What can be done in the Red Hills is land management on a scale difficult to achieve in many places. On a typical plantation, woods are burned as frequently as every year or two. “Our primary concern is knocking back the hardwoods that encroach on open grasslands,” Robbie Green tells me one morning. The wildlife habitat manager for Mistletoe Plantation, a 3,000-acre tract on south Georgia’s serpentine Ochlockonee River, Green steers his truck between six-foot-wide firebreaks harrowed into the ground. “The tool for that is fire, and a lot of it.” In addition to prescribed burns and selective logging, plantations rely heavily on supplemental feeding of quail and detailed monitoring of populations to boost bird production.
While the gunpowder approach to Red Hills conservation has been an overall success, there are concerns about ignoring the needs of non-game species, removing too much timber in order to boost quail numbers, and focusing on ridding the landscape of any element that isn’t quail-friendly. “Quail have a checkered past in the region,” says Julie Wraithmell, wildlife policy coordinator for Audubon of Florida. “There can be a narrow-minded emphasis on predator control, which neglects the fact that bobwhite are part of an ecological system.”
Trapping and removing predators is one conflict with a long history in the Red Hills. In a one-year period in the early 1930s, bounties were paid at Foshalee Plantation for 255 rattlesnakes, 506 opossums, 160 “pole cats” or skunks, 277 hawks, and a pair of weasels. Many plantations still trap raccoons, foxes, bobcats, and other quail eaters, while hardwood trees such as live oaks that might harbor rat snakes and opossums, or provide perching sites for hawks, are routinely felled.
Unfortunately, newer landowners are trending toward even more intensive single-species management than in the past. “I’m afraid it’s becoming more of a numbers game,” says Lane Green. “Many newer owners are more interested in quail than anything else.” Each time a plantation changes hands, he says, the education process of what the Red Hills is, and can be, starts anew. The good news is that the raw material for conservation success—open land—is still available. “There’s been a constant tug-of-war between more quail and a more holistic approach to management,” Wraithmell says. “The northern bobwhite could be the saving grace of our fire-dependent landscape. But it will be up to individual landowners to strike the right balance.”
Two tiny sparrow feet kick up sandy soil on the far side of a fire-blackened pine trunk. I sprint toward the tree’s rootball 20 feet away. Despite three flushers wading through the savanna and the beckoning sounds of Bachman’s sparrows twittering from a boombox, this bird has twice eluded capture. If I can beat it to the far end of the log, I’ll have a chance to flush it back toward our nets—and into a database scientists are using to study this declining species.
I race the sparrow, leaping over broken branches, and reach the rootball a split second before the bird, waving my arms and whooping like a cowboy. The little brownish-gray bird vaults aloft, turns 180 degrees to flee the yodeling Pecos Bill figure, and wings swiftly into the mist net.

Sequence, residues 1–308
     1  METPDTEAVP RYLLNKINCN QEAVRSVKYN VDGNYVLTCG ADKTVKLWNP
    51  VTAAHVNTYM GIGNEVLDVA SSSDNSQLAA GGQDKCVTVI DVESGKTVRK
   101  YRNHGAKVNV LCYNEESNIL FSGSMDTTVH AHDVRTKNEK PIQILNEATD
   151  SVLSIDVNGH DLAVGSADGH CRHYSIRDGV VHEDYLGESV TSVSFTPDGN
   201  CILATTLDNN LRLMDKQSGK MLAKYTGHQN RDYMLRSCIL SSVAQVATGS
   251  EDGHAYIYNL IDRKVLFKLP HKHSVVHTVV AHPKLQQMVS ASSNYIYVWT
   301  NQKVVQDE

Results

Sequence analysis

“Got it!” Jim Cox hollers. “That’s some fine sparrow herding, gentlemen!” While Cox, the vertebrate ecologist for the Tall Timbers Research Station, delicately unravels the bird from the net, I catch my breath and look around. Old-growth longleaf pines soar overhead, massive columnar trunks capped with gnarly crowns pruned into gothic silhouettes by hurricanes. Gallberry shrubs stud a carpet of wiregrass that unfurls out of sight, tawny gold in the day’s early light. In 1979 Jep and Paddy Wade donated a 206-acre easement for what is known as the Wade Tract, one of the country’s few remaining fragments of old-growth longleaf. Here, Tall Timbers scientists conduct a dizzying array of studies—from longleaf regeneration to Bachman’s sparrow population dynamics to gopher tortoise demographics.
Cox is particularly interested in the Bachman’s sparrow, a bird with very specific life requirements. The sparrows, ground nesters like quail, key in on open grasslands, where the first flush of new growth after a fire provides easy movement at the ground level but an umbrella of vegetation overhead to protect them from predators. If grasslands don’t burn again within 18 months or so, Bachman’s sparrows nearly abandon them.
An avid birder’s dream list of grassland species is similarly tied into specific niches of pine savanna habitats. Brown-headed nuthatches excavate nesting cavities in decaying stumps and snags, features many quail plantation managers are quick to remove before they can harbor snakes and raptors. Red-cockaded woodpeckers hollow out the heartwood of mature living pines. Henslow’s sparrows, whose numbers have declined more steeply than any other North American grassland bird, overwinter in southern pinelands, and burning the woods in early spring can wipe out their habitat. “Quail can carry the water for a lot of these species,” Cox says. “There are ecological subtleties that require attention, though, and species that require slightly different habitats that we need to keep in mind. You don’t want to get fixed on one approach.”
Management issues aside, the greatest challenge to the Wade Tract, and to the Red Hills in general, is keeping the landscape intact. Drive north on U.S. 319 a few miles outside Tallahassee and the helter-skelter of sprawl overwhelms you. Fast-food restaurants and shopping centers crowd both sides of the road. Then, in an instant, there’s a hard line in the Florida sand. Route 319 turns into the Kate Ireland Parkway as the highway enters the first lands protected by conservation easements. For the next 19 miles the road rolls through tunnels of live oaks draped with Spanish moss and edged with rolling pine savannas. This is a landscape Spanish explorer Hernando de Soto would remember, and it continues until the last easement peters out, just south of Thomasville, Georgia.
The parkway’s namesake is equally unforgettable. In a landscape largely defined by gunpowder, fine horses, and $5,000 dogs, an outspoken, sharp-shooting 80-year-old woman gets much of the credit for kick-starting the Red Hills’ conservation agenda. No surprise, Kate Ireland did it on her own terms.